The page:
South Barrington facility for memory-loss patients approved
The new Autumn Leaves of South Barrington facility for those suffering from memory loss will built to the same specifications as this existing facility in Vernon Hills.
Courtesy of Autumn Leaves of Vernon Hills
South Barrington trustees Thursday gave conditional approval to the annexation of land and construction of an assisted living facility for people suffering from permanent and temporary memory loss.
The new Autumn Leaves facility will join others in the Chicago area including ones in Vernon Hills, Orland Park and Crystal Lake, as well as those about to open in Oswego and St. Charles.
The facilities care for those diagnosed with Alzheimer's, dementia and other forms of memory loss including those caused by accidents or trauma.
Autumn Leaves would be located on 3.6 acres of previously unincorporated land north of Higgins Road and east of Bartlett Road, across from The Arboretum shopping center.
The village board's approval is contingent on the developers reaching an agreement with the shopping center for an easement allowing a water and sewer connection, Village Administrator Mark Masciola said Friday.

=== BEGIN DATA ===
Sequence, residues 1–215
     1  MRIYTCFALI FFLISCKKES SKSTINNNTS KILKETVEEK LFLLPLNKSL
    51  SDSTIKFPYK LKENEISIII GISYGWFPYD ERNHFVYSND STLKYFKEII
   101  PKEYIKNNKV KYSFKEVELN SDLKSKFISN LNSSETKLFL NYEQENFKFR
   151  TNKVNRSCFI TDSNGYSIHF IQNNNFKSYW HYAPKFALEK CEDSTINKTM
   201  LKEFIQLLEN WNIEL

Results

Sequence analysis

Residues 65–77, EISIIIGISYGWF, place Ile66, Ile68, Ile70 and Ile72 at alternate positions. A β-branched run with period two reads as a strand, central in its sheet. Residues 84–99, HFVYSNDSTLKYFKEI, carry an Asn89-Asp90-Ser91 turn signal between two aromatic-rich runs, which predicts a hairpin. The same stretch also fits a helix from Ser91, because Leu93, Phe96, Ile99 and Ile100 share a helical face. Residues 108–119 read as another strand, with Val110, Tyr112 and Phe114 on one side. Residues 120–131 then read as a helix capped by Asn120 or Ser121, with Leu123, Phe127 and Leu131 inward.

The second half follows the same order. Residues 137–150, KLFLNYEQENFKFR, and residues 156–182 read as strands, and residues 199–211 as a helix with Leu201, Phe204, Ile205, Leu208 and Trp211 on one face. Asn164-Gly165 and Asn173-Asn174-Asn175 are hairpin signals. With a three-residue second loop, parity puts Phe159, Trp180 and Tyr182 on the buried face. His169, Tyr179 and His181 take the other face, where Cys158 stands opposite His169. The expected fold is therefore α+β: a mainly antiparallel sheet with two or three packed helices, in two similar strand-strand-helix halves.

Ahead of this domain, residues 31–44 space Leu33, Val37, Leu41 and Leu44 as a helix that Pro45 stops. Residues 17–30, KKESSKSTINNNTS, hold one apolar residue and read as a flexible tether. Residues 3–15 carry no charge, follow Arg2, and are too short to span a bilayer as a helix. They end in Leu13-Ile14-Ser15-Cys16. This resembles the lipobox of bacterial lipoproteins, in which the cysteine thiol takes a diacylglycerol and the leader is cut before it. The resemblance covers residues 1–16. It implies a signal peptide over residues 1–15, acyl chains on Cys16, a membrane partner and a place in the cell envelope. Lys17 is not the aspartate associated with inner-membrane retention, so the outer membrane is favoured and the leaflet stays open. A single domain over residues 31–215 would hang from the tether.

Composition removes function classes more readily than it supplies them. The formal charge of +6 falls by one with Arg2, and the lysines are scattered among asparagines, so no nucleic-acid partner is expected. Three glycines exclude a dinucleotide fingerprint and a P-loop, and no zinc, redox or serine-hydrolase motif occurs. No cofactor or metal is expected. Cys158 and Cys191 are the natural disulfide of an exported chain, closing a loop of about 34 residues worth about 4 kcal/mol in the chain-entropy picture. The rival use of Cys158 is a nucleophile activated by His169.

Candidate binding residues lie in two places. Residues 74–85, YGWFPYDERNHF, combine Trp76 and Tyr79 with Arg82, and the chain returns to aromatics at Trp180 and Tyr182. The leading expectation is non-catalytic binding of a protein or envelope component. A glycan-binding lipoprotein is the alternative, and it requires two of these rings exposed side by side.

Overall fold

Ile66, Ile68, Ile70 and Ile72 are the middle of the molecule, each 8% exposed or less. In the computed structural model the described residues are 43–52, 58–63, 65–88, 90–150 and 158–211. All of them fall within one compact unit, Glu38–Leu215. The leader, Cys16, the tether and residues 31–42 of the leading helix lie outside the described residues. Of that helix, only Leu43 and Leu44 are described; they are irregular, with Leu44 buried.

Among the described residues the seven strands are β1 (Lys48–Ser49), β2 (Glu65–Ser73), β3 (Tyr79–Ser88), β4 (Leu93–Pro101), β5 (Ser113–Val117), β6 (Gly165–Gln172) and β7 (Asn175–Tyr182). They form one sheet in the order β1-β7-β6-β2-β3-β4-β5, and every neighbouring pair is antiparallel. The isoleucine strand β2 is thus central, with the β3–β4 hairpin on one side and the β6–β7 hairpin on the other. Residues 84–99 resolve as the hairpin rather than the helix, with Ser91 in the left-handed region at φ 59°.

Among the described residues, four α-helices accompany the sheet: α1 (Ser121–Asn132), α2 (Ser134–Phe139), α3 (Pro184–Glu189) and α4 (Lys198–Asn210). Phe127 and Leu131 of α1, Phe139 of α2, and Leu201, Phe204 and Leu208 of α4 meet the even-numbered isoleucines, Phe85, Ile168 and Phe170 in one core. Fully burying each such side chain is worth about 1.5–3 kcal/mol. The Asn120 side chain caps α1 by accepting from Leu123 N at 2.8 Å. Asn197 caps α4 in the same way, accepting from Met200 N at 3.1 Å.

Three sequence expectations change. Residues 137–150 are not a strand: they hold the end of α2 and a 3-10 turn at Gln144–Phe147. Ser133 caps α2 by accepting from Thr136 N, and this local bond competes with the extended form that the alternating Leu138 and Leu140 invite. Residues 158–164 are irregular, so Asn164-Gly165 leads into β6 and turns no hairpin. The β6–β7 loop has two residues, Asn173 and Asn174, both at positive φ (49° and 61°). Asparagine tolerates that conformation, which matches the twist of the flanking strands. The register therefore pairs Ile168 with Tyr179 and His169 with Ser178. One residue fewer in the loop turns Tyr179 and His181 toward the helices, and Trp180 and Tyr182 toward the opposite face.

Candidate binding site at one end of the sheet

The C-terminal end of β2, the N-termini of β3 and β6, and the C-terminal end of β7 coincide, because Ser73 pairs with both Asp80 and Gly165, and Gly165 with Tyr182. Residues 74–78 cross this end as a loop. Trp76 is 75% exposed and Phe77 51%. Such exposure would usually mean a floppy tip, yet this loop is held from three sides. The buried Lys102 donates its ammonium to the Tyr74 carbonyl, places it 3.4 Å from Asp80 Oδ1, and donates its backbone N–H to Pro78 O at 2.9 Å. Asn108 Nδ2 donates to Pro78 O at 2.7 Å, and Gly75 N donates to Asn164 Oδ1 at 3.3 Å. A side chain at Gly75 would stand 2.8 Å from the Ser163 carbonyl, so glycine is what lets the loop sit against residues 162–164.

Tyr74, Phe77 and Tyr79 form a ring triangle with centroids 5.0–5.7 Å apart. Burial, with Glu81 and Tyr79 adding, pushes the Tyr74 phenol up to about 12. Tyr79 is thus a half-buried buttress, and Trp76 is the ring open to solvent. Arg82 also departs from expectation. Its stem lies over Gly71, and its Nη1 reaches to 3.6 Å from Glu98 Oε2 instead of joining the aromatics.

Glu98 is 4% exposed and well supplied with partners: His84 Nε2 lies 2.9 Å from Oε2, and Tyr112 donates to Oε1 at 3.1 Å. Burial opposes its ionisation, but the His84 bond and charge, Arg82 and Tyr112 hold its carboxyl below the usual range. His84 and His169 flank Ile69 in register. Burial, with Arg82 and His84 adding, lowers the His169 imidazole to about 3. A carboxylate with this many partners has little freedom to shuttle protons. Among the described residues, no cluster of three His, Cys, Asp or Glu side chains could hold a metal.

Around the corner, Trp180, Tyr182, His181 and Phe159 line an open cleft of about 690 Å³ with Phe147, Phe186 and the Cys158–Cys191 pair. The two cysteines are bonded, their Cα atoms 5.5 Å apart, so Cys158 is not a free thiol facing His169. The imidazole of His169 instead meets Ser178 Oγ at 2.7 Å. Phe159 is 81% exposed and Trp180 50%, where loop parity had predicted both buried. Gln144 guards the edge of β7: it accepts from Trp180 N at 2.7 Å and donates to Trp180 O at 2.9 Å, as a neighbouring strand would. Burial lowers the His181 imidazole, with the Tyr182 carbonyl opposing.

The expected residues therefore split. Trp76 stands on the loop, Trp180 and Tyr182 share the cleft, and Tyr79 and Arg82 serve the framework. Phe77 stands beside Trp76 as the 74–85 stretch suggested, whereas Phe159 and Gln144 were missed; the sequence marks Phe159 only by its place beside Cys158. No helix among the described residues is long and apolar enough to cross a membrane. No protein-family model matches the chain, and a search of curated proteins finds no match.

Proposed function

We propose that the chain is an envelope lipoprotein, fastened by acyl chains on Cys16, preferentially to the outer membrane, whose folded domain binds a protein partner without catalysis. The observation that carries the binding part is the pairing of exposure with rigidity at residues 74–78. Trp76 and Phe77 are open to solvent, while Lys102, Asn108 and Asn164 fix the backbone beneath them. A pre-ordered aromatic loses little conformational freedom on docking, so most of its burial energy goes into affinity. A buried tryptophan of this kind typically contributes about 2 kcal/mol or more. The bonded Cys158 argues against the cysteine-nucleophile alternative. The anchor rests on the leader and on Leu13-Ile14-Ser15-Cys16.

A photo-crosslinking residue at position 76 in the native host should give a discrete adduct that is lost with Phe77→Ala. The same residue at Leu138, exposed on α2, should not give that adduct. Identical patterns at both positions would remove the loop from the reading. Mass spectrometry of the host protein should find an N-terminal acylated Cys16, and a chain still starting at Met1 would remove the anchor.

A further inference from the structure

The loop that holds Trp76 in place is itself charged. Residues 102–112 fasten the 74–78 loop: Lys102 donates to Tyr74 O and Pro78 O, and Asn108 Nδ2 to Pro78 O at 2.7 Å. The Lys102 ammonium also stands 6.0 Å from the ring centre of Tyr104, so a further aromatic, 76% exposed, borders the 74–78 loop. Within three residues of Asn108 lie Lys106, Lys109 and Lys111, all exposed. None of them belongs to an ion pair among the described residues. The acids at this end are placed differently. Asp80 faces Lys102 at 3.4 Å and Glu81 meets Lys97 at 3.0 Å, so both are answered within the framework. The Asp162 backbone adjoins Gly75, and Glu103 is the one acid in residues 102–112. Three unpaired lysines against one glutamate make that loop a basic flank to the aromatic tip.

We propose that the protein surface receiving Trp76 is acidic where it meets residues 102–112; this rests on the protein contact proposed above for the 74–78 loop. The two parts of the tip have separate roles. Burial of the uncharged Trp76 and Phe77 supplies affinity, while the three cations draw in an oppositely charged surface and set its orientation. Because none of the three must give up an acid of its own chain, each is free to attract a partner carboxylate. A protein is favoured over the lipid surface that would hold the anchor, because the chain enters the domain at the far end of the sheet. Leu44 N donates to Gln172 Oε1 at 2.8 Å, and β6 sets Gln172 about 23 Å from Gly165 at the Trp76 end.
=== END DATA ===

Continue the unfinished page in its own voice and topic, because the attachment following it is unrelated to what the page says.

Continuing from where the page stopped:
"I don't foresee any problem with that," Masciola said. "Hopefully it will be worked out within the next week or two."
The single-story, 26,000-square-foot building will be constructed on the same schematics as the company's more than 20 other locations across the country, said Kay Adkins, director of development for the Texas-based LaSalle Group.
"It isn't a new concept for us," Adkins said. "Our oldest facility is 12 years old in Dallas."
The building will feature a total of 46 beds in 38 rooms, Masciola said. The proposal has generated no concerns with village officials or even the residents of the nearby Cutters Run subdivision who were invited to review and comment on it, he added.
Village board members toured am existing location in Vernon Hills.
The single-story building plan fits into the South Barrington landscape and the design has a practical benefit for its residents, Adkins said. The lack of multiple levels and stairs makes it easier and safer to navigate for those suffering from memory loss.
Each of the building's four wings will have a distinct internal color scheme and other identifying features to help prevent residents from being confused about where they are, Adkins said.
Construction is expected to take exactly one year from the time all permits are approved, and so the facility is expected to open in either late 2013 or early 2014, she said.
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